New statins study reignites old row

A new study in the Lancet attempted to calm fears about the side-effects of statins in people at low risk of heart disease – but seems to have reignited a bitter row in the medical establishment about their safety.

The study reviewed available evidence on safety and efficacy of statin therapy, in an effort to help doctors, patients and the public make more informed decisions about their use.

The authors warn that the benefits of statin therapy have been underestimated, and the harms exaggerated, because of a failure to acknowledge properly both the wealth of evidence from randomised trials and the limitations of other types of studies.

Available evidence suggests that for every 10,000 patients receiving atorvastatin 40 mg daily, costing around £2 per month, cardiovascular events would be prevented in 1,000 people with pre-existing disease, and in 500 people at increased risk.

The trade-off would be five cases of myopathy (muscle weakness) per 10,000 patients, leading to rhabdomyolysis (muscle wasting) in one patient if treatment is not stopped.

There would be 5-10 haemorrhagic strokes, 50-100 new cases of diabetes and up to 50-100 cases of symptomatic adverse events, such as muscle pain.

The Lancet study followed two articles in the British Medical Journal in late 2013 – which were later corrected –  that questioned use of statins in healthy people at low risk of heart disease.

These articles were heavily criticised by some statins researchers and prompted a media debate about their potential risks and benefits.

The debate became more heated when authors had to correct a figure that wrongly stated that statin side effects occur in 18-20% of people.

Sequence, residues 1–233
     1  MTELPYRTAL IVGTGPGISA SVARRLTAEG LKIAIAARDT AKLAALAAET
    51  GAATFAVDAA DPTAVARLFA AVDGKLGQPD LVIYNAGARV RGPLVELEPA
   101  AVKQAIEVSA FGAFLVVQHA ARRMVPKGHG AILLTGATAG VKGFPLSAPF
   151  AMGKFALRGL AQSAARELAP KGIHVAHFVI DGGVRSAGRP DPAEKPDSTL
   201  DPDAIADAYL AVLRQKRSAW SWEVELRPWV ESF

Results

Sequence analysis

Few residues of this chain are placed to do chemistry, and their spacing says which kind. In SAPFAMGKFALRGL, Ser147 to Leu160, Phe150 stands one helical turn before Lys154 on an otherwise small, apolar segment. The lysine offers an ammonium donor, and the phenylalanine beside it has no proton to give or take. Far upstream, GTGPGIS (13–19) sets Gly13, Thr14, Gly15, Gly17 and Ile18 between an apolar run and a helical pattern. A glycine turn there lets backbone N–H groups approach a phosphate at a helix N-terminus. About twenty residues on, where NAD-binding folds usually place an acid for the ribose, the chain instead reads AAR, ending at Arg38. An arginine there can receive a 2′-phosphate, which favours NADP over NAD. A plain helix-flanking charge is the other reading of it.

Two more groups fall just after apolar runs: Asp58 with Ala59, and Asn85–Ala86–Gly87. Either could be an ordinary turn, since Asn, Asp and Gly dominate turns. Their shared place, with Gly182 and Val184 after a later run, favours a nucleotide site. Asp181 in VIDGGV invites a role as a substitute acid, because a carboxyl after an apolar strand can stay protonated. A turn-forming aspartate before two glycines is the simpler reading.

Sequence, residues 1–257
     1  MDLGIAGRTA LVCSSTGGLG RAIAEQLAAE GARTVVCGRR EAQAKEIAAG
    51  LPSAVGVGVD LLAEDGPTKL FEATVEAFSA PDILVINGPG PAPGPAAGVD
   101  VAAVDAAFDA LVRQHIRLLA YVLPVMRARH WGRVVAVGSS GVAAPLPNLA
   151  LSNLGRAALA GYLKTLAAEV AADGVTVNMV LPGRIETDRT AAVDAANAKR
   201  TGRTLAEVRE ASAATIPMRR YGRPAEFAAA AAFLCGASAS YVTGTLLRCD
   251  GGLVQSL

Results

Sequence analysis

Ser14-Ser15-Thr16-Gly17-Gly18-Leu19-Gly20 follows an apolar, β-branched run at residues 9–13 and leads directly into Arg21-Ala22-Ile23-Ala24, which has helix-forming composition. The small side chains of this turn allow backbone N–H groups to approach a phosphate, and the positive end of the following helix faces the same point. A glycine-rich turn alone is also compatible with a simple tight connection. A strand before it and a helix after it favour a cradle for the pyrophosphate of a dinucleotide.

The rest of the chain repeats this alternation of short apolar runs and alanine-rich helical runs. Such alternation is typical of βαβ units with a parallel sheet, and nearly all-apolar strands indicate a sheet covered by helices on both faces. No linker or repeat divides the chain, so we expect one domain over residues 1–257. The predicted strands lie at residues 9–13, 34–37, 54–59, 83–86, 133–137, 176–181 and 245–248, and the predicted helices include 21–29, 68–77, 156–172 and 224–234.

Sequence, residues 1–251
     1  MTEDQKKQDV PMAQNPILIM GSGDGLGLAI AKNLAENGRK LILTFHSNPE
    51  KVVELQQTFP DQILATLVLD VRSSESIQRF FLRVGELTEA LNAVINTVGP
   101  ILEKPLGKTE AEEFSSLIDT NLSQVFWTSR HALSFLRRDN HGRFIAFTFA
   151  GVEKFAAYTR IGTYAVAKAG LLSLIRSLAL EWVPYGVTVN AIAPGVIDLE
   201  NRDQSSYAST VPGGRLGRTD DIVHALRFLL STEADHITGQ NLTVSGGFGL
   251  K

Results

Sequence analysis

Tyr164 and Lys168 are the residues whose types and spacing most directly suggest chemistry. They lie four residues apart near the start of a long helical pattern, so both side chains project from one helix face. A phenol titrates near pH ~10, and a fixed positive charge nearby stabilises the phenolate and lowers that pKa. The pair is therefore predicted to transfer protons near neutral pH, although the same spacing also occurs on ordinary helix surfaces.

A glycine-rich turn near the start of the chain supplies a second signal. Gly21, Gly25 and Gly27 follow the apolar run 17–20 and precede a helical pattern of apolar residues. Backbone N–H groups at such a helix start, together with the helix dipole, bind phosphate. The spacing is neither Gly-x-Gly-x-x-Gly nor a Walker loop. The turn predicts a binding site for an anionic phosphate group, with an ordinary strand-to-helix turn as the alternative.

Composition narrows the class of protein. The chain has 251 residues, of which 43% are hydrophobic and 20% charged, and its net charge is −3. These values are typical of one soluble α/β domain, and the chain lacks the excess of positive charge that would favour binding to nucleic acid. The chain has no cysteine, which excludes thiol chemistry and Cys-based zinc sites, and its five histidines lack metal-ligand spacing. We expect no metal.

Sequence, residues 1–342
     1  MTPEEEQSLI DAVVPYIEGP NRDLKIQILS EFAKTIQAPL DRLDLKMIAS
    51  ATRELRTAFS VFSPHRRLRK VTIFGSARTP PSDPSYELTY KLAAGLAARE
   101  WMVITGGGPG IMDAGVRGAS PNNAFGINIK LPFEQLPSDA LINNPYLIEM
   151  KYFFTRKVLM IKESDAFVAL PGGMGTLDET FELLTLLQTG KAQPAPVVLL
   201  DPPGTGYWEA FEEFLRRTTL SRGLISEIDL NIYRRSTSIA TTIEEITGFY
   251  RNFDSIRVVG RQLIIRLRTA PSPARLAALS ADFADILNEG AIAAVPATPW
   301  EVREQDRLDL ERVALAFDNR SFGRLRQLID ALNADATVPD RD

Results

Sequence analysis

An independent BMJ review later found the articles did not reflect caveats in the observational study that was the source of the data, which stated the rate of side-effects was “nearly 18%”.

A further BMJ study, in June, found that more than 200,000 UK patients may have stopped statin therapy in the six months after the media coverage in late 2013.

Statins row continues

Dr Aseem Malhotra, who is firmly in the anti-statins camp, and author of one of the corrected BMJ articles, told the BBC in a radio interview that there is an “epidemic” of misinformed doctors and misinformed patients. There is biased funding of research, biased reporting in medical journals, and biased reporting in the media.

“This review in the Lancet ticks all those boxes of that epidemic of misinformation.”

But Rory Collins, author of the Lancet study, said the publicly available trial information is reliable.

He told the BBC that according to the data there is “no excess” in terms of muscle symptoms side-effects in people taking statins compared with placebo on the trials.

Patients taking statins are aware of the muscle-wasting problem and could be over-sensitive to it, leading to over-reporting that confound the results, Collins said.

He told the BBC: “It is understandable many more people who are taking the drug will report the muscle problem.”

Fiona Godlee editor-in-chief of the BMJ, told the BBC that the evidence suggested statins were most beneficial to patients at high risk of cardiac events.

The latest Lancet article is an attempt to “shut down debate”, Godlee said – but it appears that this is an argument that will continue to divide doctors.

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